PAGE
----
Tactics for making your influence more potent | How writing every day can improve your life | Networking when you've lost your expense account
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May 3, 2013
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Getting Ahead
Tactics for making your influence more potent
The best way to influence people above you is to use data to show how something can be improved, Joseph Grenny writes. When interacting with someone who seems apathetic, personal experiences are better than slide presentations or verbal appeals. "The bottom line is this: if you want to change your career, you should invest anything it takes to expand your influence repertoire," he writes. B2C Marketing Insider (5/1)
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How writing every day can improve your life
It's a good idea to make writing part of your daily routine because this can help you to organize your thoughts, acknowledge your accomplishments and clear your head of distractions, Laura Pepper Wu writes. If you have no other opportunities to write, at least try sending an e-mail to a few of your friends, she suggests. "Having one or two friends that you can check in with each day to discuss challenges and achievements can go a long way in heightening your mood and efficiency throughout the entire day," she writes. Forbes (4/30)
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Making the Connection
Networking when you've lost your expense account
If you switch jobs and lose your expense account, it might feel awkward telling old contacts that you can't pick up the check at business lunches, writes Alison Green, responding to a question from a reader. Before you do that, ask your new manager if they would consider letting you expense some things. If they won't, you should suggest getting coffee instead of lunch and acknowledge you don't have an expense account at your new job, she writes. Ask A Manager blog (5/2)
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The Landscape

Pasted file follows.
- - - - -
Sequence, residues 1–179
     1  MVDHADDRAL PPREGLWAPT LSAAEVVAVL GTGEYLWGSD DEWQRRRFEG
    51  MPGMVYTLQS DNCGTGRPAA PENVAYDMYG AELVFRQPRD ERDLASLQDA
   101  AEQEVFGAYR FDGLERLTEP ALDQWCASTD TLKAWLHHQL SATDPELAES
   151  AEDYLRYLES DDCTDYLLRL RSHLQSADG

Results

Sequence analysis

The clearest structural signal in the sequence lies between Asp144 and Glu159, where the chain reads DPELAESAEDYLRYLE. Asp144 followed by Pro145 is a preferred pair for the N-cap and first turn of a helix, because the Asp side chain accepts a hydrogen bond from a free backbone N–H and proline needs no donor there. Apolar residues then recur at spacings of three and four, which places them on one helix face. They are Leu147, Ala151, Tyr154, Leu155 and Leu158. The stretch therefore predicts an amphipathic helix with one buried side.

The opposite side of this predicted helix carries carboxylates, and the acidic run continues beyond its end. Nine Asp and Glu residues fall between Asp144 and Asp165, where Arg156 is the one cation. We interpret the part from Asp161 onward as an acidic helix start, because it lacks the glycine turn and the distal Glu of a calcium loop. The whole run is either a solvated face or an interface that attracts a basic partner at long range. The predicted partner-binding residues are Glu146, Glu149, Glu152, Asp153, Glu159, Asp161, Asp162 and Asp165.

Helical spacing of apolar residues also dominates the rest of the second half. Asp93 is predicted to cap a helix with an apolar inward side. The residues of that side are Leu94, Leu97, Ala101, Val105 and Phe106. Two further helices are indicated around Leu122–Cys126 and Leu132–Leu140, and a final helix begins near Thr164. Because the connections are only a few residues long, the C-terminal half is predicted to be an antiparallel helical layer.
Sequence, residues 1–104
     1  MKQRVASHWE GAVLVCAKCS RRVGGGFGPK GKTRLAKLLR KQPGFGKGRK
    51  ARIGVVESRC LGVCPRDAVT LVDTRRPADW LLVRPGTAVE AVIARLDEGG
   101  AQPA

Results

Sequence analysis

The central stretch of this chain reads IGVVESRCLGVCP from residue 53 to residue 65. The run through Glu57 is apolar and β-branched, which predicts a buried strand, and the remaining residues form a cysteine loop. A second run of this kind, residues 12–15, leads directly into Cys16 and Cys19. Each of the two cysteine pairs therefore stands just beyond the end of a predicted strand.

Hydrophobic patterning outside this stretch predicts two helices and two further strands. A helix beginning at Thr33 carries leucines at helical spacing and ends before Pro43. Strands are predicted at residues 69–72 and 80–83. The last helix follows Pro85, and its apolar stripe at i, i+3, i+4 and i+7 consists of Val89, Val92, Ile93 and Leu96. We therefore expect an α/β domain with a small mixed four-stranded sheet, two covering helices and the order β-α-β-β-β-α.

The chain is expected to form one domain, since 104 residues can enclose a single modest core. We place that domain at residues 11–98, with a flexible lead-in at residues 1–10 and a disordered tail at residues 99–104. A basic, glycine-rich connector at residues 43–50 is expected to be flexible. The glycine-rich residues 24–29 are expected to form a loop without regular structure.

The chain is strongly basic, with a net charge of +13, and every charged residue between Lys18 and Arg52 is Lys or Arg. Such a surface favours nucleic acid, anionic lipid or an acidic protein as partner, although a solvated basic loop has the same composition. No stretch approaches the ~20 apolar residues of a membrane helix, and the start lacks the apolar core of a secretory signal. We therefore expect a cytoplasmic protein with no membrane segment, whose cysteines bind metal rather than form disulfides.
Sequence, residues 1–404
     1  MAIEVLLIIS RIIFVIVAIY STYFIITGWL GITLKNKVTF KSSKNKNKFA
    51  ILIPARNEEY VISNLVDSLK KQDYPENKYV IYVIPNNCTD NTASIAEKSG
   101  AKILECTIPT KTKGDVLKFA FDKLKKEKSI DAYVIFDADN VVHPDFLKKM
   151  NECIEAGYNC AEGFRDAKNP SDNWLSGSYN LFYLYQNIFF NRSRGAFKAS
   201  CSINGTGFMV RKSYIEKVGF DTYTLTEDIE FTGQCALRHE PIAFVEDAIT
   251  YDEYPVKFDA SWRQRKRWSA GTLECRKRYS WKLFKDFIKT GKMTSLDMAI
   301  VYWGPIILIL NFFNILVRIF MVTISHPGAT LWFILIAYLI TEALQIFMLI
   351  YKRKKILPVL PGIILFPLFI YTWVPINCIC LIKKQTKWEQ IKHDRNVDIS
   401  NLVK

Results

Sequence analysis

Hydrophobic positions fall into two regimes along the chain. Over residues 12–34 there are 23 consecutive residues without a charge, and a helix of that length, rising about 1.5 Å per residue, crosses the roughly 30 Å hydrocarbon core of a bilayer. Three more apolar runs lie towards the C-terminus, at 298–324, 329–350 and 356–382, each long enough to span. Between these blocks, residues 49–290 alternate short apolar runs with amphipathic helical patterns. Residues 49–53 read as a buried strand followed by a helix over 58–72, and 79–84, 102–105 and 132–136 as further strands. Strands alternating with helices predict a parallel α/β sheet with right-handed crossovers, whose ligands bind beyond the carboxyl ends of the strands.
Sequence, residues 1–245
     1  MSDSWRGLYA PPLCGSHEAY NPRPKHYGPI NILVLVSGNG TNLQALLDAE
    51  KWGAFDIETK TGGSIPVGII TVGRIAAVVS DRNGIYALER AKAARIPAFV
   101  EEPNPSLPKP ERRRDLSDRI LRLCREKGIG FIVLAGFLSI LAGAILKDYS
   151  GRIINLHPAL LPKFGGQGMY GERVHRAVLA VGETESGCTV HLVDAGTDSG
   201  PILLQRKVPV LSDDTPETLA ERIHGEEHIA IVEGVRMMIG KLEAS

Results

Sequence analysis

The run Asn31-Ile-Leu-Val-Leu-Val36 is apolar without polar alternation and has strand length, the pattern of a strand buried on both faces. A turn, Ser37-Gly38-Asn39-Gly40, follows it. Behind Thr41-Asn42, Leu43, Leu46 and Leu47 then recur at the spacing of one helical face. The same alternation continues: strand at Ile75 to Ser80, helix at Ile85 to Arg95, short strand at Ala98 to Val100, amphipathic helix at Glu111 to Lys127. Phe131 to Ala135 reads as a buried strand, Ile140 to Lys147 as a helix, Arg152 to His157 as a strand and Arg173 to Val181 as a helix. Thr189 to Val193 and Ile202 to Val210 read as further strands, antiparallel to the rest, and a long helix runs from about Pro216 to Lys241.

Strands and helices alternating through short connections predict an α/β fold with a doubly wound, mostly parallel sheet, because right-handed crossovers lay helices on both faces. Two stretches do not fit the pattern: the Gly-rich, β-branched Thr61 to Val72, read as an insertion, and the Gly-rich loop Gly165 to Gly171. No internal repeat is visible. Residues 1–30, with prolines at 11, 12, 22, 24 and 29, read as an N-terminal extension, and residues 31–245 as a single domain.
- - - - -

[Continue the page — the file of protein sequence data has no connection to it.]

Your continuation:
U.S. jobless rate decreases to 7.5%, job creation figures revised up
The U.S. unemployment rate edged down to 7.5% in April and more jobs were created in February and March than previously reported, the Labor Department said today. Aside from months that included Census Bureau hiring, the 165,000 jobs added in April is the most since November 2005. MarketWatch (5/3)
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Your Next Challenge
People spend less time reading job ads than they think, study suggests
Job seekers spend an average of 49.7 seconds reading a job add before dismissing it and 76.7 seconds reading ads that interest them, according to an eye-tracking study conducted by TheLadders. Many of the people who participated in the study claimed they spend one to five minutes reading each job ad, and some said they spend up to 10 minutes. The Wall Street Journal/At Work blog (5/2)
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Who's Hiring?
Position TitleCompany NameLocation
Intern AEC Industry Marketing AutodeskWaltham, MA
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Balancing Yourself
What you didn't know about sleep and the workplace
Working after 28 hours without sleep results in the same level of impairment as working with a blood alcohol level of 0.10%, research has shown. Taking a half-hour nap after lunch can significantly improve your alertness, but dozing for a few minutes on the subway will do little to make you less tired. In Japan, falling asleep in meetings is considered a sign of hard work. Quartz (5/2)
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The Water Cooler
Scientists develop "vaccine" against honey traps
Men tend to negotiate poorly with attractive members of the opposite sex, scientists say. Now, though, it's been discovered that a drug hitherto used as an acne treatment has the side effect of reducing the cognitive impairments men suffer when confronted with beautiful women. "Let this be a lesson for all male businessmen: When engaged in negotiations with an attractive female, be sure to have a doctor's prescription handy," writes Alex Berezow. RealClearScience/Newton Blog (4/28)
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I am compelled to fear that science will be used to promote the power of dominant groups rather than to make men happy."
-- Bertrand Russell,
British philosopher, mathematician and historian
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